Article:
Kyle Wolden, a nine year old boy from Mount Vernon, Washington and the son of a baseball coach at Stanwood High School, got to run the bases at Safeco Field before the Seattle Mariners’ game yesterday.  45,876 fans of Seattle Mariners baseball became even bigger fans of Kyle’s, and now probably have a better understanding of

Not exactly fresh out of committee, but out of committee nonetheless, senate bill 510 (a/k/a the Food Safety Modernization Act) makes its way to the senate floor soon, possibly this week.  The full senate debate and subsequent vote is certainly timely, as just today Michael Moss was awarded the Pulitzer Prize for his story on Stephanie Smiths E. coli O157:H7 illness and Linda Rivera’s long-awaited emergence from a Nevada hospital where she has spent almost a year after also being infected by E. coli O157:H7.  Stephanie was sickened by a hamburger made by Cargill, and Linda by contaminated cookie dough made by Nestle

The Food Safety Modernization Act is truly an important piece of legislation, in that it affects every citizen of this country, and even some abroad, on a daily basis.  The bill substantially modifies the Federal Food Drug and Cosmetics Act, and generally gives the Food and Drug Administration better authority and ability to monitor the safety of our food supply, and take quicker and more effective action for food companies that don’t adequately protect against foodpoisoning risks.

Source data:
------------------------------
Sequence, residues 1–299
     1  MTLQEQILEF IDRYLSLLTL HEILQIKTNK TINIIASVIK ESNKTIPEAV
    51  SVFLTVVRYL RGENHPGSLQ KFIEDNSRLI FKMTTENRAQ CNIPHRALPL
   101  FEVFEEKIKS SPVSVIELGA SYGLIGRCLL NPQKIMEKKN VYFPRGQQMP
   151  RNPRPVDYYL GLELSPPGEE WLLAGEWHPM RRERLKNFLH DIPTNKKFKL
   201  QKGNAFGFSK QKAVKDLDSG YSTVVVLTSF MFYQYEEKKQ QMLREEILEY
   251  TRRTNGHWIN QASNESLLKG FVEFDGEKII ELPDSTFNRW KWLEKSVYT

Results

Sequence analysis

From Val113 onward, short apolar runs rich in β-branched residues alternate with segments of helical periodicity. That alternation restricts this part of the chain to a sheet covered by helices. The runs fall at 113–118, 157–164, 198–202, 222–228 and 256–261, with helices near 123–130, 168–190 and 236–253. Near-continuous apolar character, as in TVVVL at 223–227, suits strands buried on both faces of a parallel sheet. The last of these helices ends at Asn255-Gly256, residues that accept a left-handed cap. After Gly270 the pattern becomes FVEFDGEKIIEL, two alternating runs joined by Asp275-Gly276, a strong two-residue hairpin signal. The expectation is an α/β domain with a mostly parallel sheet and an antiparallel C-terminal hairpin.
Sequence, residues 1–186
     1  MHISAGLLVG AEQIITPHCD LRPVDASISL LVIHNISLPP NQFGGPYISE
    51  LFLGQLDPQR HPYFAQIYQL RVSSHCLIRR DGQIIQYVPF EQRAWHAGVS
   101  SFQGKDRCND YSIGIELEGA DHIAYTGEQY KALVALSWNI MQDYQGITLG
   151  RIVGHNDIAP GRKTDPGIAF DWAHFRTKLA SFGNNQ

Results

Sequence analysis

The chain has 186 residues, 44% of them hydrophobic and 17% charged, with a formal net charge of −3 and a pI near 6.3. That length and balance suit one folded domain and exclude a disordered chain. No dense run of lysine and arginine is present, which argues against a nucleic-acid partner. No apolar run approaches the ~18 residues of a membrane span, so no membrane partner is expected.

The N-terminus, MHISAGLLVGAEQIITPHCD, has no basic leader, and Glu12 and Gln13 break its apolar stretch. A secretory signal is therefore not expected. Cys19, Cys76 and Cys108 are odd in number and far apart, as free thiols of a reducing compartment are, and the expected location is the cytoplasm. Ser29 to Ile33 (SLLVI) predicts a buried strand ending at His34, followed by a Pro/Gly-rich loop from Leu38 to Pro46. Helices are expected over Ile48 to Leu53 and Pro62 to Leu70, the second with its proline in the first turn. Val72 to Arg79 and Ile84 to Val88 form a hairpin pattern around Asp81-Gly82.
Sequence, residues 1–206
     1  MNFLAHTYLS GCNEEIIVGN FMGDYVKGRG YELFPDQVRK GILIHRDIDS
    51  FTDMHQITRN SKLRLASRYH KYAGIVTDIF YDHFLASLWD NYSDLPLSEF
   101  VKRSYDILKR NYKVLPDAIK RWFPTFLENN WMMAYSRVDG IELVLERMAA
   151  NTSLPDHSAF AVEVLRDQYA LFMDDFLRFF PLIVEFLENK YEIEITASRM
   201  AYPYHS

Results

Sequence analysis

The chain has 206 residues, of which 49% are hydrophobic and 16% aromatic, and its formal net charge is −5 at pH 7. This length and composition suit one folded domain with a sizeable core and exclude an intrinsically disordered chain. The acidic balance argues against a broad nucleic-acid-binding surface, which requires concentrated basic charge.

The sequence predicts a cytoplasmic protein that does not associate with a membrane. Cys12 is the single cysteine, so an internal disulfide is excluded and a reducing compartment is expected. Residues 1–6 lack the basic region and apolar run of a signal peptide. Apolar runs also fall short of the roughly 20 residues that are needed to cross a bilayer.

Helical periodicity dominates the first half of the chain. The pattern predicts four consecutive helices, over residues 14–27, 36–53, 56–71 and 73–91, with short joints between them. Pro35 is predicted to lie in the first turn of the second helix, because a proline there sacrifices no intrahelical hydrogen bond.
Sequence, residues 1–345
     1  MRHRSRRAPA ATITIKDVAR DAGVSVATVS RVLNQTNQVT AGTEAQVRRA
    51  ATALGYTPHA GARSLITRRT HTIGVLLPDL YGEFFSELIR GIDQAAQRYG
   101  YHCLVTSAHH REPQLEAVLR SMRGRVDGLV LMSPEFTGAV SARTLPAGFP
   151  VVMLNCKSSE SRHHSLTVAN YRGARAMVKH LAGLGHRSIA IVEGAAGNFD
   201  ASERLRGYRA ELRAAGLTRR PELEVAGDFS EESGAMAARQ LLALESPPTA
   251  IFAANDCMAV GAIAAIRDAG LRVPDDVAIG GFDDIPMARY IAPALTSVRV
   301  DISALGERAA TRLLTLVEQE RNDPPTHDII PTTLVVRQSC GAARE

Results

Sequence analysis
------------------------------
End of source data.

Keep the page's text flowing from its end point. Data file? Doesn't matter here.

Among other, more specific, things, the Food Safety Modernization Act:

Continue Reading Summary of Food Safety Modernization Act (Senate debate pending)

 In 1999, several states reported clusters of Salmonella Newport, an antibiotic resistant strain of the bug, with an indistinguishable PFGE pattern and the same anti-microbial resistance pattern.  The states reported to PulseNet, the national database for foodborne disease surveillance, which prompted an investigation into the cause of the outbreak.

In the investigation, health officials found that

According to Cargill and FSIS press releases: Cargill Meat Solutions said it is voluntarily recalling approximately 1,084,384 pounds of ground beef produced at its Wyalusing, Pa., Cargill Regional Beef facility because of the possible presence of E. coli O157:H7. The ground beef products subject to recall were produced at the Wyalusing plant between Oct. 8 and 11, 2007, and were distributed to retailers nationwide.  In addition to the below listed products, there are various weights and varieties of ground beef, ground chuck, and ground sirloin product that were distributed for further processing and repackaging and will not bear the same establishment number on the package.  Products subject to recall are:Continue Reading List Of E. coli-Contaminated Cargill Product Subject to Recall